The Wasp Factory by Iain Banks is a messed up, twisted little horror of a book. Delightfully so.
This brisk tale takes us into the world of Frank Cauldhame, a sixteen year old Scottish boy who might be described as troubled, if gross understatement is your thing. Told from his perspective, Frank lives with his ex-hippie Father on a remote island in Scotland. Owing partly to an accident when he was a child, and to the isolated nature of his Father's home-schooling, Frank's active yet cruel adolescent imagination has lead to the creation of his own private mythology surrounding his life, his island home and his extended family.
The book draws readers inexorably deeper into a world of animal cruelty, homebrew religion and murder, and the results are enthralling. I've always been fascinated by fiction that delves into the human psyche to explore the line between sanity and madness, and Iain Banks does a fantastic job of presenting the bizarre logic of his book's protagonist in a way that the reader can perfectly understands his motivation, whilst being simultaneously horrified by his actions.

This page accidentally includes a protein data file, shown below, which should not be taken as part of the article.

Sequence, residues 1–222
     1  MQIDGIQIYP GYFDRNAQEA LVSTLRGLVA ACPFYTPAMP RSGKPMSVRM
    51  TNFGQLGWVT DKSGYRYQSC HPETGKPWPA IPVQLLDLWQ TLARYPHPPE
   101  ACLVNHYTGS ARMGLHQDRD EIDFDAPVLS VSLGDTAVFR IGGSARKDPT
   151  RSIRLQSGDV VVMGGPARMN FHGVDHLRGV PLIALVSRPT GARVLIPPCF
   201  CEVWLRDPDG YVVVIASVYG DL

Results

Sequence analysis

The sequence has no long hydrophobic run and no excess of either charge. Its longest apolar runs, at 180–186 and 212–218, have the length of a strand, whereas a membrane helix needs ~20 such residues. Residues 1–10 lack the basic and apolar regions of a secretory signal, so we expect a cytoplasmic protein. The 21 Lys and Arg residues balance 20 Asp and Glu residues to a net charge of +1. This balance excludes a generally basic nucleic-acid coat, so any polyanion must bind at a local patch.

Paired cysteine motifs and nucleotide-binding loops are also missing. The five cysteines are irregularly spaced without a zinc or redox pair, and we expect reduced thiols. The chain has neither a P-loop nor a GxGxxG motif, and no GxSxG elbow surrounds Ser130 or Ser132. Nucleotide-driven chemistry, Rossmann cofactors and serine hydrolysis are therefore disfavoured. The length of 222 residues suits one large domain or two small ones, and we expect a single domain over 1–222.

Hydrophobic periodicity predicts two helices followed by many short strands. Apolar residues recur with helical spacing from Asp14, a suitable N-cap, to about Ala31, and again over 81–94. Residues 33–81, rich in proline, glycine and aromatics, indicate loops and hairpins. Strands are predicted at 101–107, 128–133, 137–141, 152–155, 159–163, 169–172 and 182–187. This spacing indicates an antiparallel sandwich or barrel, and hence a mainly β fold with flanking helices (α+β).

This book is not for the faint hearted. If you shy away from animal and human cruelty (as you should) then you'll find this a difficult read in places. If you find these things intolerable, then you'd best turn back at the gate. However, though the subject matter of the book is fire, torture and death, it's also very funny. The author's dark humour often had me laughing despite my best intentions.
The greatest strength of The Wasp Factory is in my opinion it's originality. It's darkly entertaining, humorously macabre, and brutally imaginative, and I recommend it to anyone who's got the balls.